I was introduced to IconBuffet (fyi, personal referral link, no money just "game points") [1], which might be described as Pok├ęcon or World of Iconcraft. It takes a large and growing collection of "free" [2] icons from a handful of talented Icon "Chefs" and creates an artificial scarcity/value for the icon sets by wrapping them in a simple economy game, associating the sets with time and effort and giving a bit of extra interest to what might otherwise be glossed over as "yet another collection of 'free' icons". The game mechanics encourages active community members that they've "got to collect them all".

The game design uses three pseudo-currencies and award 'badges' that will be familiar from a number of other websites and several MMOs. [3] The currencies are Tokens, Stamps, and Points:

The "postage" required to send a set that you have in your collection to someone else's collection. You gain stamps whenever you accept the delivery of a set that someone else has sent you. (This is done at an asymmetrical exchange rate to encourage sending but not spamming: sending requires a range of stamps from 1-10 depending on the quality/style/rarity of the set you are sending, whereas redeeming a delivery yields 5 points regardless.)
Tokens are paid for each delivery you redeem and are equal to the "postage" of the delivery you receive. Thus sets are somewhat "payment on delivery". Tokens are generated at a steady rate with respect to time, beginning at 10 tokens per month for a new free membership.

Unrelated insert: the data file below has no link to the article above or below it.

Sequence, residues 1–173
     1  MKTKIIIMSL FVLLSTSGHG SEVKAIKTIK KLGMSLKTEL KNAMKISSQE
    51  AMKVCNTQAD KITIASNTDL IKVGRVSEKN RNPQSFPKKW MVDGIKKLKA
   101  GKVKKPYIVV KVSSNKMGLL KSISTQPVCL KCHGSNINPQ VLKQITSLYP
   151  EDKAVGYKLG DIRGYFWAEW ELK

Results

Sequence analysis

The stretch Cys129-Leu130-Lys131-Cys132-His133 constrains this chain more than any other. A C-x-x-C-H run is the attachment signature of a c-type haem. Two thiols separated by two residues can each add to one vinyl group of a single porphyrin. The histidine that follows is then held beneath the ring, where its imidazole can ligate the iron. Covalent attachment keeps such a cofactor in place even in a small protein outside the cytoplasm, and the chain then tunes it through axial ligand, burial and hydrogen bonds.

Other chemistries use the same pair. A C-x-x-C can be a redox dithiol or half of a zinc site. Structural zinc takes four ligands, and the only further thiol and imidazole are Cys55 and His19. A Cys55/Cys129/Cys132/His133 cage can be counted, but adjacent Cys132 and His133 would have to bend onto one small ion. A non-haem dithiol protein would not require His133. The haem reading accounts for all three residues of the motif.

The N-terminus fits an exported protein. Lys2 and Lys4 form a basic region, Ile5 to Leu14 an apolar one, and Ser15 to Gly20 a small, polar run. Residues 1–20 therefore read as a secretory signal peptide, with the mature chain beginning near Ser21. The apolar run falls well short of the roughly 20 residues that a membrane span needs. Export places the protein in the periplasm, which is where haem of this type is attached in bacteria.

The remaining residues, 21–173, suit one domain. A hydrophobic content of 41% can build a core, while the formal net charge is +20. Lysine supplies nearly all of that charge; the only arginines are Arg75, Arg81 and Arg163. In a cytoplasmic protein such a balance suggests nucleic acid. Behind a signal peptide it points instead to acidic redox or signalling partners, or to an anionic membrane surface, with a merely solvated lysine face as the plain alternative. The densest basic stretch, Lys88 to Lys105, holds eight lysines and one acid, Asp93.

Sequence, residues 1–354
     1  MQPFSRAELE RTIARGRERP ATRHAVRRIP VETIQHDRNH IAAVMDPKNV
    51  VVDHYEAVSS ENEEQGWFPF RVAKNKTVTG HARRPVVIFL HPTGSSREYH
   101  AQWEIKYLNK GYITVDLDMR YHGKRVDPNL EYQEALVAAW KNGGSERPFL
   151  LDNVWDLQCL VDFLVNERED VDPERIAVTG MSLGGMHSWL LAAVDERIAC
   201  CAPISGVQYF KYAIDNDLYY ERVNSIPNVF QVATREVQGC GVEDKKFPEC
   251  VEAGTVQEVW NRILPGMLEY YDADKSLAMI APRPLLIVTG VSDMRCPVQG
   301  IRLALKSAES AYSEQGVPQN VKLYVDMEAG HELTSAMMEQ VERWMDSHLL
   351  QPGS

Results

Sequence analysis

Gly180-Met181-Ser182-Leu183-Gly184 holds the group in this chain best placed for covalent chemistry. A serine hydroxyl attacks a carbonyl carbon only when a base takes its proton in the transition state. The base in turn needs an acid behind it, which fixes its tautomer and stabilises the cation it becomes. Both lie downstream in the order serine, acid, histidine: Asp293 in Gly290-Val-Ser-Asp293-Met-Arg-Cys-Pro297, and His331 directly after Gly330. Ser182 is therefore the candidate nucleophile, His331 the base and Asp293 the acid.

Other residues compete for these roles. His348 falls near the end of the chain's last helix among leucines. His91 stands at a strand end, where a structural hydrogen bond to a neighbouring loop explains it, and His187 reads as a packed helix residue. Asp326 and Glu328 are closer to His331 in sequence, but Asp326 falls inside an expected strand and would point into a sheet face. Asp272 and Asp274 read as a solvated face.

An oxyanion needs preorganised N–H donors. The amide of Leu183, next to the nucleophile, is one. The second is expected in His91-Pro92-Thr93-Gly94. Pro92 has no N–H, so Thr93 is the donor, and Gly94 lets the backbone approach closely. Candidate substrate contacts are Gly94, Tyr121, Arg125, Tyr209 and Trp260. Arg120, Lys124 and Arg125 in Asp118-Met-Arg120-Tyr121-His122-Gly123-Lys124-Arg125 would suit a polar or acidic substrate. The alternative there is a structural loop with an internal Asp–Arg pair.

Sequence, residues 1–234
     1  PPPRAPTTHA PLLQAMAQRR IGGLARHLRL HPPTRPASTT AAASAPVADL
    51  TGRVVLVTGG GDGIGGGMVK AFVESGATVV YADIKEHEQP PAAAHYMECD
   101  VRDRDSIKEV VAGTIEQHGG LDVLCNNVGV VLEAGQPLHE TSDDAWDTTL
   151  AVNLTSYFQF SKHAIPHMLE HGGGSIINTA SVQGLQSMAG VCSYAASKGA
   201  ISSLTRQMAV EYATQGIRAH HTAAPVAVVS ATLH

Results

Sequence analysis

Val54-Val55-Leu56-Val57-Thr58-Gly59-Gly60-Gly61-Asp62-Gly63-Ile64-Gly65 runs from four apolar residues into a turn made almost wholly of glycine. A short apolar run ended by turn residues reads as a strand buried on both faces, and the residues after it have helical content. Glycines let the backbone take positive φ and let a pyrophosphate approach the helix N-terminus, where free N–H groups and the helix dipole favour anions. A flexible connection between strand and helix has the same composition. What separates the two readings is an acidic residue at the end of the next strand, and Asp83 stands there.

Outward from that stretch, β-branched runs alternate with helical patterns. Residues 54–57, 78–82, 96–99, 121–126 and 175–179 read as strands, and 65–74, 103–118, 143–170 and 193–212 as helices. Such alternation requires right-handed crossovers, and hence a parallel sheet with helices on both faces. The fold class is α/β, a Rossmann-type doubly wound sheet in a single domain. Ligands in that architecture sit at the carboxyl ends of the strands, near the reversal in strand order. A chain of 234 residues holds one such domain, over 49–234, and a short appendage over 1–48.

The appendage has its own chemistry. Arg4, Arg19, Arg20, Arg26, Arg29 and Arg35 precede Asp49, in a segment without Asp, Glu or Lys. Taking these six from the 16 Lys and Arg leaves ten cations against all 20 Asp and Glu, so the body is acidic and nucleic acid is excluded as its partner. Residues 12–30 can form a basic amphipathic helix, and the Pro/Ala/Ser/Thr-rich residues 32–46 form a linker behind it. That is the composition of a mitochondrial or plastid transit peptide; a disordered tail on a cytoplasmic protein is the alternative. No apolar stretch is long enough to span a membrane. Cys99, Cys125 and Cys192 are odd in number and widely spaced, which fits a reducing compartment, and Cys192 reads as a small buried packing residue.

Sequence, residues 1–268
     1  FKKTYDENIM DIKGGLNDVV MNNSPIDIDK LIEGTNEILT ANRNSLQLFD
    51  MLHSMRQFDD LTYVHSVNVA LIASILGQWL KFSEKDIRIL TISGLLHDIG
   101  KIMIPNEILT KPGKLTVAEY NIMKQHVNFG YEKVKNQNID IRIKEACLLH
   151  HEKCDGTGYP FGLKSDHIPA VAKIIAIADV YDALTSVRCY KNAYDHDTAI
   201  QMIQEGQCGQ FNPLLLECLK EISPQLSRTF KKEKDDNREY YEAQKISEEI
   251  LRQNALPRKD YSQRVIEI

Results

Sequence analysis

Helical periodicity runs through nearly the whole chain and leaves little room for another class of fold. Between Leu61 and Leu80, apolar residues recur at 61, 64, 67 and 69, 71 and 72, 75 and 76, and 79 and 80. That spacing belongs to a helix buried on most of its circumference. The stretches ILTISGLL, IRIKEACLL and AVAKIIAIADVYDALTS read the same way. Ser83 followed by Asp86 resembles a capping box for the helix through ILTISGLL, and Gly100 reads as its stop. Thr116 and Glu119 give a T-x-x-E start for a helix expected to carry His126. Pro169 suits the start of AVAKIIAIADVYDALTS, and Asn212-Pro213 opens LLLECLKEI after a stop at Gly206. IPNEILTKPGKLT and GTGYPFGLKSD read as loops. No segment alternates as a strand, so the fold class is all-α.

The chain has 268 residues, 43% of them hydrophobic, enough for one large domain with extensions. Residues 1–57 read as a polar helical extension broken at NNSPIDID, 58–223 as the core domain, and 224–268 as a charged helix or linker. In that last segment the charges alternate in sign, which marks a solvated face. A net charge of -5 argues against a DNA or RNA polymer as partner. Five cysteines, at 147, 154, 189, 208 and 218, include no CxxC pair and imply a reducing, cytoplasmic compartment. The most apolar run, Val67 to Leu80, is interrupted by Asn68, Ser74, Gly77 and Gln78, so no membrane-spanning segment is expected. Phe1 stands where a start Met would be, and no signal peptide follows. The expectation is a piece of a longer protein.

Points are the repetition/friendliness/community score and are received for each successful delivery you make to someone else, as well as through other means such as successful referrals. Points are not redeemed, but reaching certain scores generate bonus prizes (such as additional tokens per month).

It's a very unique system that seems to have a fairly vibrant community and a unique gift economy. It certainly makes a very simple observation area for those interested in game-based economics observation.

[1]Via Brass Goggles: IconBuffet's Steampunk Icons
[2]As in beer, but sometimes as a bonus as in speech (ie, vector), with a fairly open icon license agreement. It would be awesome if they used a common CC license, but their license reads similar to CC by and their differences seem reasonable for what they seek to accomplish.
[3]Interestingly I believe I've seen IconBuffet referenced as one of the first innovators of badges, at the very least for community-based websites if not for MMOs or games in general.